I love this place. It has been some years since I have been here, as I have lived out of the area for the last 10 years, but it is still as delightful as always. Excellent food, excellent wine and excellent service. Always a pleasure.
Located in one of the oldest buildings on Main Street, just a few steps away from the Capitol Building, Bourbon is a whiskey bar and Cajun-Creole restaurant from veteran chef/restaurateur, Kristian Niemi. Housed in the historic Brennen Building (1870), Bourbon captures the warm, rustic feel of an upscale saloon from the turn of the century with exposed plaster walls, reclaimed wood, glass chandeliers and custom wallpaper. High back booths give patrons privacy, while the communal tables encourage sharing and making new friends. The lighted bar highlights their craft cocktails and huge whiskey list, which is focused on American whiskies, bourbons and ryes. Beers and sodas on tap are exclusively local, as well as most of the ingredients in the kitchen, which focuses on Cajun-Creole cuisine with a South Carolina sensibility. Chef Frank Bradley (formerly of Magnolia’s and the Iberian Pig) and his staff stay true to the classic dishes, while adding their own creativity to the ingredients associated with “Cajun-Creole”.
Private Dining & Parties At Ruth’s Chris Steak House, we make event planning easy for our customers. Find information on the variety of elegant private dining options at our Columbia restaurant here. Read
Pawley’s made an appearance on “Diners, Drive Ins, and Dives!” This burger joint features specials each week. Don’t miss out on an opportunity to eat from their food truck, which was voted Best Food Truck in Columbia in 2014! Come as you are, pull a seat up next to the bar, and devour!
“>Columbia, which isn’t really that hard to do since when it comes to students, pizza might as well be the holy grail. Although it’s not exactly thin crust, it’s as close to a NY-style crust you’ll find in Columbia, nice and crisp, with just the perfect amount of sauce to cheese ratio on top. Dano’s delivers, too, for those nights when pajamas and Netflix sounds more appealing than dressing up and dining out. Feature Image Source: Motor Supply Facebook What’s your go-to for grub in Columbia? Tell us in the comments below!
What started as a farmers’ market tent has now grown into a brick-and-mortar location in a relatively short amount of time, a leap made possible both by Indah’s loyal fan base as well as Columbia’s fertile food scene. Get the Thai coffee, which is a barely aerated nitro brew; it’s thickened with an aromatic sweetened condensed coconut milk that’s made by reducing coconut milk by half and adding a touch of sugar. The resulting dairy-free concoction is also spiked with cinnamon, and isn’t too sweet or too strong. It’s simply, perfectly refreshing. If you’re feeling peckish, head over to Drip Coffee in Five Points for a housemade biscuit sandwich.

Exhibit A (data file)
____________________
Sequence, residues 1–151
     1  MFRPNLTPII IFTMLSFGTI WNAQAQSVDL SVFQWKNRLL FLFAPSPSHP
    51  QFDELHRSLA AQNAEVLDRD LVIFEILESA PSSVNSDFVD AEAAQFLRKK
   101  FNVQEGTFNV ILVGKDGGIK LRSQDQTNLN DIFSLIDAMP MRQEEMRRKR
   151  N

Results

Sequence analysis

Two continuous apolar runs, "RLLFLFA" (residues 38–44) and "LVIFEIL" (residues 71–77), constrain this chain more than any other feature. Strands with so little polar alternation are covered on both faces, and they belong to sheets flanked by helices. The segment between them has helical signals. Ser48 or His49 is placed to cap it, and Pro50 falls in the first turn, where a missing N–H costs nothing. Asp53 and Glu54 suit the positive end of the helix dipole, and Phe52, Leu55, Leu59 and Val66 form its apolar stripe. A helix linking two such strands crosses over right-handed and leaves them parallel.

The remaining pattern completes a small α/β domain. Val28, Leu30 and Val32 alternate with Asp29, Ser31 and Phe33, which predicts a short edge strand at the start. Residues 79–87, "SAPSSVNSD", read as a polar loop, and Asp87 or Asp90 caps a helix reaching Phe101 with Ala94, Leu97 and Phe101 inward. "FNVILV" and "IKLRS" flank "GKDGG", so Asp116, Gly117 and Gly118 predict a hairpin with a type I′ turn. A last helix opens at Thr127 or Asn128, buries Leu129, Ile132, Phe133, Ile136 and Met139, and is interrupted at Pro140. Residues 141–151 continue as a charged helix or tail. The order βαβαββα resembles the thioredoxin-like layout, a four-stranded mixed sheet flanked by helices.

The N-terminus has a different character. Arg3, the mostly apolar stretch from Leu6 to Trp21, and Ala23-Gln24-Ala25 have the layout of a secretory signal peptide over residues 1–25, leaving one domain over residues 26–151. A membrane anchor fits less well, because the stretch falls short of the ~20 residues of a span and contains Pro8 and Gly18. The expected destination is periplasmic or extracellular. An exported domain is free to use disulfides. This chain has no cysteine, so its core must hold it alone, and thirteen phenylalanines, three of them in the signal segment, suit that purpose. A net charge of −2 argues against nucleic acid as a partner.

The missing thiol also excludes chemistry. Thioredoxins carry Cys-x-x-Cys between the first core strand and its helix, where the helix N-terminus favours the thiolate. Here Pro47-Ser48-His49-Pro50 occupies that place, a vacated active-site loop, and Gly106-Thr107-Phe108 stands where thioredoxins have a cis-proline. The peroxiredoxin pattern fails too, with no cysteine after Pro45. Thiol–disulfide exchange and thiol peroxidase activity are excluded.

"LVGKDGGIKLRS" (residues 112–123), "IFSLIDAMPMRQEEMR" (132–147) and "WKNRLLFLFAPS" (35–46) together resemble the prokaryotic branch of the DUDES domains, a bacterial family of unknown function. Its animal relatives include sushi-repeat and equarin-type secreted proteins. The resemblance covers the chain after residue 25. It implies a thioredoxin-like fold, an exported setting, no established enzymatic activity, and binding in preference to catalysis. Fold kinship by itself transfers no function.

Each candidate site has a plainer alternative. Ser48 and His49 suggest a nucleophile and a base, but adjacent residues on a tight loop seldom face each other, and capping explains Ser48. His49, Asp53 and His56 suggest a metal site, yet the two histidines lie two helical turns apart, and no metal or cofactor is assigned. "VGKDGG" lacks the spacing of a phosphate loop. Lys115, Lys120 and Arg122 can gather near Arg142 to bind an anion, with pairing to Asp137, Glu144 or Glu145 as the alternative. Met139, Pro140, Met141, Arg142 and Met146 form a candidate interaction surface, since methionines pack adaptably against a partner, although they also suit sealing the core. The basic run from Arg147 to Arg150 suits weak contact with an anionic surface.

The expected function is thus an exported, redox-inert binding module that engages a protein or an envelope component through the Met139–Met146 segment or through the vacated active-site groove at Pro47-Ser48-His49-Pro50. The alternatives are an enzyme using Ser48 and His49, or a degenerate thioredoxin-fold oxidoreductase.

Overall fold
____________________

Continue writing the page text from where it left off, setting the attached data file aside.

Yelp: 4.5 stars, 125 reviews Come to RealMexico when you’re in the mood for authentic Meixcan cuisine. In other words, there’s no Tex-Mex or California-Mex to be found here, which provides a good break to all the hybrids out there. When you sit down at RealMexico, you’ll immediately be greeted with fresh chips and salsa and your experience only goes up from there. Slow-cooked meats stuffed into what will become tacos, tamales, burritos, and enchiladas, with five different sauces to choose from along with a variety of cheese is what you’ll find on the menu here. One bite into your meal and you’ll definitely be able to taste the difference in authenticity. You’ll also get to choose from an array of flavored margaritas or a few different artisan tequilas, to make your meal fit the true experience.
It’s not just watermelons that have heirloom ancestors; there are also grits, peanuts, squash and a pantry of everyday ingredients that past generations knew as radically different items. And we can’t begin to understand what true Southern food is—its antebellum identity—without cooking with these very same ingredients, and that’s what chefs are doing in Columbia. “Lots of varieties have been lost and we can’t get them back,” says Todd Woods, executive chef at The Oak Table in Columbia. The seeds are gone forever: no one saved them. But Dr. David Shields is helping to prevent this from further occurring. He’s a professor at the University of South Carolina in Columbia, and he’s garnered attention for working with Sean Brock and other chefs to connect them to this heirloom produce.